Visual images play a central role in areas such as fractals, chaos theory and Bayesian theory. Writes Benoit Mandelbrot: “In the theory of fractals, ‘to see is to believe.'” Yet there is much more that we can do.

The benefits are substantial. Among others, there is an opportunity for heightened awareness, improved understanding and enhanced rigor. Let us explore these benefits further:

Awareness: In a well-managed organisation, an awareness of risk exists at all levels, from the chairman to the non-officer clerk, from the PhD to the high school graduate. We can more effectively identify, measure and mitigate the risks we know well

Understanding: Even the most complex ideas can be expressed in understandable ways. It has been said of the French mathematician Joseph-Louis Lagrange that he “believed that a mathematician has not thoroughly understood his own work till he has made it so clear that he can go out and explain it effectively to the first man he meets on the street.” (See Eric Bell’s enjoyable book, Men of Mathematics)

❑▪ Transparency: Transparency is critical given recent events. Many outside of risk management, including investors and analysts, are justifiably perplexed by the fatal mistakes of large and seemingly strong firms. Is this a failure of risk management? Is this a failure to apply risk management principles? How can apparent safeguards fail so quickly and extensively?

Focus: In risk management, our energies should be directed less to making our models complicated and more to making them clear, accessible and relevant (which does not mean simplistic). The most powerful ideas in economics and finance can be stated succinctly and clearly

Adaptation: If an organisation understands its risks, it can more easily adjust its exposures to different types and amounts of risk. It can monitor these exposures against its tolerance for risk. Certain business units may be able to assume more risk, whereas other areas may be taking too much or engaging in insufficient mitigation. What may seem intuitive may be inconsistent with the actual circumstances

Perspective: There is value in approaching risk broadly, particularly when we find ourselves immersed in our day to day requirements, as often occurs. If we “step back” to obtain some perspective, we can more easily see connections and relationships about risk that we have not previously realised. This is critical to the process of discovery

Rigor: A deeper understanding of a subject becomes possible if we can restate a problem using different language — in this case, a visual language. Weakness in processes will become more evident, as will the consequences of key dependencies. John Berger writes, “It is the actual act of drawing that forces the artist to look at the object in front of him, to dissect it in his mind’s eye and put it together again”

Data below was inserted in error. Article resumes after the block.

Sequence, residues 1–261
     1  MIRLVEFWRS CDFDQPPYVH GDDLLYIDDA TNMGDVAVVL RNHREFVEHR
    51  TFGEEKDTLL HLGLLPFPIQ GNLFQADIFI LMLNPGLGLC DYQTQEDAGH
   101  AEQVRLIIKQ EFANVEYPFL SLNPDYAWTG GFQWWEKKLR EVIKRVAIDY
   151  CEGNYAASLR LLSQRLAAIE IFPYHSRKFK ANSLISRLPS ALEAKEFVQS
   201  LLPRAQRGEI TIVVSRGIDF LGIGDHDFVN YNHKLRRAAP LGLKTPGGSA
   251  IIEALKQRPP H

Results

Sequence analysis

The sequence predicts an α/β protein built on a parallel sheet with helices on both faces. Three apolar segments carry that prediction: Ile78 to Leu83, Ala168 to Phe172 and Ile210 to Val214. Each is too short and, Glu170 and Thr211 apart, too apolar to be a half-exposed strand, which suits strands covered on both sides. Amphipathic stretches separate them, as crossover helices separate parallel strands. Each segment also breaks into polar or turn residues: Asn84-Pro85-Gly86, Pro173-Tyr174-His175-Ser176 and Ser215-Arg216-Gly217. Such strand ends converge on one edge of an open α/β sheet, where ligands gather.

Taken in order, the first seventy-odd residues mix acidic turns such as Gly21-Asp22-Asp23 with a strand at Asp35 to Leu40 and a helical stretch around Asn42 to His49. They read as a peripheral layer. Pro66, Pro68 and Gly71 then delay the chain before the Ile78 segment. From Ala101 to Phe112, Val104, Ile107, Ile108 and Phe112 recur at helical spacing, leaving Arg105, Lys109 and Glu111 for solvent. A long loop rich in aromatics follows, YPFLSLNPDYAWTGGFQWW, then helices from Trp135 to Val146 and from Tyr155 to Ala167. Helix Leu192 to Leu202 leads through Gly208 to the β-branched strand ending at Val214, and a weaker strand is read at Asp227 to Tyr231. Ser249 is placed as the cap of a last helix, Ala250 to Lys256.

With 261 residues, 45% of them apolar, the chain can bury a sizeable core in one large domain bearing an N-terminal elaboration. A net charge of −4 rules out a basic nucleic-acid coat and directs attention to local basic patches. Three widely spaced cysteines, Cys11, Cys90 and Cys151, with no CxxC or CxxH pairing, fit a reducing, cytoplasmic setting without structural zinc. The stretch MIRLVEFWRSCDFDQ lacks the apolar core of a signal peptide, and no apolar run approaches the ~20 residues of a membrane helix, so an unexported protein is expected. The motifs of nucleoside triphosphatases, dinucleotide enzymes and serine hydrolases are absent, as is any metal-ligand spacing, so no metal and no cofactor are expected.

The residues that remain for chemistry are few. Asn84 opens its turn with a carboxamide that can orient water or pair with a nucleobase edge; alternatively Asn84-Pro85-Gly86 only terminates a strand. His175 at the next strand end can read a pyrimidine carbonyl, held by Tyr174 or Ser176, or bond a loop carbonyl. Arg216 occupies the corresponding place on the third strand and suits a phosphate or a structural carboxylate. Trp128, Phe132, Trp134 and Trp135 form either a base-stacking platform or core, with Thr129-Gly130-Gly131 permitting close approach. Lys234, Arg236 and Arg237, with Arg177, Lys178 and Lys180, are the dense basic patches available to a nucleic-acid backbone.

Recognition: Risk has a human element that we do not sufficiently emphasise. Even our close colleagues — people we think we know well — can cause serious damage to organisations, including their destruction. A challenge in managing risk is the difficulty of predicting which specific individuals will engage in such extraordinary behaviours

Enjoyment: In addition to being useful, visual images can also be enjoyable. Looking at images can also enrich our work and our larger lives. 

Visual approaches do not exclude the traditional approaches based on statistics, finance and accounting. They complement and refine such approaches. Exploring this theme from a different perspective in her book Reading Images, Hermine Feinstein writes, “Because art makes values vivid and concrete, it enables us to see those values, to examine and question them for their merit, relevance and usefulness in our daily lives.” Mandelbrot in his book The Fractal Geometry of Nature: “Graphics is wonderful for matching models with reality. When a chance mechanism agrees with the data from some analytic view point but simulations of the model do not look at all ‘real’, the analytic argument should be suspect. A formula can relate to only a small aspect of the relationship between model and reality, while the eye has enormous powers of integration and discrimination.”

The process of discovery

Soon after publishing their initial findings on DNA in the spring of 1953, James Watson and Francis Crick would become internationally recognised for their discovery. Watson, Crick and Maurice Wilkins, a biologist at King’s College, would win the Nobel Prize in 1962. This ‘secret of life’ would lay the path to the elucidation of the genetic code and the human genome.

The first step in this revolution began with a spark of insight that arose from a visual image. As Horace Judson observes, “Watson stumbled onto his part of the solution visually, from a shape, a representation”. Years after the discovery, Crick wrote, “The shape of a chemical model can be embodied rather easily in a mechanical model, and it this that makes the ideas easy to understand.”

For risk management, we are at an earlier stage in the refinement of our ideas relative to our colleagues in molecular biology, although extensive work in risk has been done, and there is much excitement ahead.

Watson and Crick offer us valuable insight into the process of discovery. These and other scientists represent a great tradition, one of curiosity, questioning, visual awareness and model building. These same qualities can also help us understand our own fascinating subject of risk.

Norman Sachs